SD 356.47 2.52 11.59
Range 300–1600 0.93–14.4 19–62

Table 2 shows that 90.48% of the volunteer patients in the study have serum level values ​​within the therapeutic range (accepted values ​​for adults 4–12 mg/L), while 7.14% could present some secondary effects when exceeding the maximum effective concentration (CME). The accepted therapeutic range for adults was 4–12 mg/L.

Table 2.

Therapeutic, subtherapeutic and supratherapeutic level of carbamazepine.

Statistic Therapeutic level (4-12 mg/L) Subtherapeutic (<4 mg/L) Supratherapeutic (>12 mg/L) Dose ratio range (mg.L/mg.day)
n(%) 38 (90.48%) 1 (2.38%) 3 (7.14%)
Mean 7.39 0.93 13.37 0.78
SD 1.75 0.91 0.29
Range 4.3–10.4 12.7–14.4 0.30–1.64

Fig. 2 shows the relationship between the daily dose of carbamazepine (mg/day) and the dose ratio (mg/L/mg/day) of each patient participating in the study; a negative correlation (r = -0.616) and a coefficient of determination (r2 = 0.379) were found, which indicates a 37.9% relationship at the linear level of both variables, that is, there is a decrease in the dose relationship with the increased dose of carbamazepine. The analysis of variance (ANOVA) shows a p value of 0.001, and multiple variables were compared in pairs using Tukey’s test, observing that the difference in means is significant (p<0.05).

Figure 1. 

Metabolism (A) and plasma level of carbamazepine in people with slow metabolic phenotype (B).

The relationship of the dose (mg/day)-serum concentration (mg/L) and the therapeutic range is shown in Fig. 3; a positive (r = 0.544) and moderate (r2 = 0.296) correlation was found. At ANOVA (p value = 0.002) and Tukey’s test, the difference in means is significant (p<0.05).

Figure 2. 

Relationship between the daily dose of carbamazepine and dose ratio in adults (ANOVA p = 0.001; Tukey test p<0.05).

Discussion

In the present study, the serum concentration level was determined with a single sampling point, observing that the range of the serum concentration level is 4.3–10.4 mg/L, in 90.48% (38/42) of the patients. These values ​​are above the minimum effective serum concentration (CmE 4 mg/L) and below the maximum effective serum concentration (CME 12 mg/L) (Aldaz et al. 2011; Chbili et al. 2016). To ensure that the drug is in the steady-state, the blood sample was taken after 4 weeks of starting treatment with carbamazepine, however, in 2.38% (1/42) of the patients a level higher than the CmE, despite having controlled that the drug is taken two hours before meals since it is known that the drug-nutrient interaction, enzyme autoinduction, and variable half-life may be the cause of the low serum level (Aldaz et al. 2011). In this group of patients, it was suggested to adjust the dose based on the dose level index (N/D), to carry out Pharmacotherapeutic Follow-up for compliance with pharmacological therapy, and to detect possible adverse effects with the new dose. In 7.14% (3/42) of the patients, serum levels were observed to be in a range of 12.7–14.4 mg/L, which indicates that it is in the supratherapeutic range, in this sense it was decided to suspend the prescribed dose, then the change in treatment was evaluated. Sharma et al. (2012) report that serum levels of 12–20 mg/L are considered supratherapeutic, and higher than 20 mg/L neurotoxic levels.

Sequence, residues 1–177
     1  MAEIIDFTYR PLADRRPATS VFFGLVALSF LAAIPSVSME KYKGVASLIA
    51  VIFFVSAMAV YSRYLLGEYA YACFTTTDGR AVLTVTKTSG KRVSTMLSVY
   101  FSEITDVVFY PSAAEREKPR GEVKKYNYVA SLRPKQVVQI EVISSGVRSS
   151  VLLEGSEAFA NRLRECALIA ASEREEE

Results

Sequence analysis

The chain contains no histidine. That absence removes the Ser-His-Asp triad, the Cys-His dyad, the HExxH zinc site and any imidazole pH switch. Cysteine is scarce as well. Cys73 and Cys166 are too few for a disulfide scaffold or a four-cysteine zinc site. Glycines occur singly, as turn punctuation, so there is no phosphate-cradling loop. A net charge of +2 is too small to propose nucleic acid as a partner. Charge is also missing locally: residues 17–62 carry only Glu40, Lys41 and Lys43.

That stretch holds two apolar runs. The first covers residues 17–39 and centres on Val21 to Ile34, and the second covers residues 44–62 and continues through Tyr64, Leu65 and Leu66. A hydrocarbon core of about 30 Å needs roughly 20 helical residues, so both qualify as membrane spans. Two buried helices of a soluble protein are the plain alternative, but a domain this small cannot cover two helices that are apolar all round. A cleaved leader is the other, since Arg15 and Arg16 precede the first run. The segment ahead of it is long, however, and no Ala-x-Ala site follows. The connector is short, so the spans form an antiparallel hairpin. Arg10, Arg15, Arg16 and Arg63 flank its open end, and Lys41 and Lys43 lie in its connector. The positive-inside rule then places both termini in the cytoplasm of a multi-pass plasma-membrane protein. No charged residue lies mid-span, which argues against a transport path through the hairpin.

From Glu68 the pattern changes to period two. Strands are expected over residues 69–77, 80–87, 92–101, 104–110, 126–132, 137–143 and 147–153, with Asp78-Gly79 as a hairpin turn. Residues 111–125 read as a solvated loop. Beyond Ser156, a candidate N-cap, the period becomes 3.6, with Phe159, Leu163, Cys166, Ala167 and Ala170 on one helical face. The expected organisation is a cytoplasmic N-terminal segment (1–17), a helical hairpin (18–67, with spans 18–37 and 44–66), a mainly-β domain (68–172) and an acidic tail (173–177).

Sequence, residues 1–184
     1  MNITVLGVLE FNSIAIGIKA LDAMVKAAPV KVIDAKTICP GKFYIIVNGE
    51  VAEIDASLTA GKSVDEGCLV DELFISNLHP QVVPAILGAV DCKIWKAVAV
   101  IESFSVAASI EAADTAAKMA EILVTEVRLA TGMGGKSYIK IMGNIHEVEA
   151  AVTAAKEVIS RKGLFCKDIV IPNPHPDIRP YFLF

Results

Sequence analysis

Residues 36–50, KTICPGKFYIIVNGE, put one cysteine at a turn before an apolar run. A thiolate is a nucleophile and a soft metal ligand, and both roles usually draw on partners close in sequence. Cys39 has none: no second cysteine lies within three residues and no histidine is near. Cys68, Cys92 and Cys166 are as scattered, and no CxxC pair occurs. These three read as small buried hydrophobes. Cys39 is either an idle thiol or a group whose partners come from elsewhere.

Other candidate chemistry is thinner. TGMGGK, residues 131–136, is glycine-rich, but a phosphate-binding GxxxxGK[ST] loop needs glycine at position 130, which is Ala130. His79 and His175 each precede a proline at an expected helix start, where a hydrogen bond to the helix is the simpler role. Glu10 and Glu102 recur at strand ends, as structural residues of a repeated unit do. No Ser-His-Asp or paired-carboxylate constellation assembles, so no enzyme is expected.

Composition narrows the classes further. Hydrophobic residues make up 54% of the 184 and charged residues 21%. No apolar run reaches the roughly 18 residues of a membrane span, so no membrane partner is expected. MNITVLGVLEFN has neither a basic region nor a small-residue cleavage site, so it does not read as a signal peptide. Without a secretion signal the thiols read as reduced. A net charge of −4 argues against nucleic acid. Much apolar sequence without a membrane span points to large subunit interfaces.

Figure 3. 

Dose-concentration relationship of carbamazepine showing the therapeutic range (ANOVA = 0.002; Tukey test p<0.05).

Regarding the correlation, a negative or inverse correlation was observed in the level/dose ratio (mg.L/mg.day) between the dose (mg/day); and a positive and statistically significant linear correlation between the daily doses administered (mg/day) and serum concentrations (mg/L). Our findings are based on and contrasted with several previously published studies. Lackner (2002) and Jiao et al. (2003) indicated that age is one of the factors that alter serum concentration. Suzuki et al. (1991) indicated that a negative correlation occurs when increasing the dose decreases concentrations lower than expected, while a decrease in dose produces a lower concentration decrease than expected. Subsequently, Sánchez et al. (1986) and Sharma et al. (2012) describe that a negative correlation may be due to slow and delayed absorption of carbamazepine, and a fast elimination rate constant, generating a volume of distribution that diffuses slowly to the brain. Burianová and Bořecká (2015) observed serum levels of CBZ-EP-10,11 (0.34 and 6.94 mg/L) with a mean value of 1.74 mg/L; finding a close correlation between the chemiluminescence microparticle immunoassay method (CMIA) and the high-performance liquid chromatography method (HPLC); while Chbili et al. (2016) reported a positive correlation between the daily doses administered and the plasma concentrations of CBZ and its metabolite CBZ-EP-10,11; the CBZ-EP-10,11/CBZ ratio increased significantly as a function of the specific dose (mg/kg/day). Araki et al. (2020) indicate that the dose-concentration ratio of CBZ is 2.14 ± 0.23 (p<0.001), which is higher than that observed in the present study. Recently, Kacirova et al. (2021) observed significant correlations between serum and breast milk levels of carbamazepine and CBZ-EP-10,11; levels were 1.4–10.4 mg/L in serum and 0.5–6.7 mg/L in milk.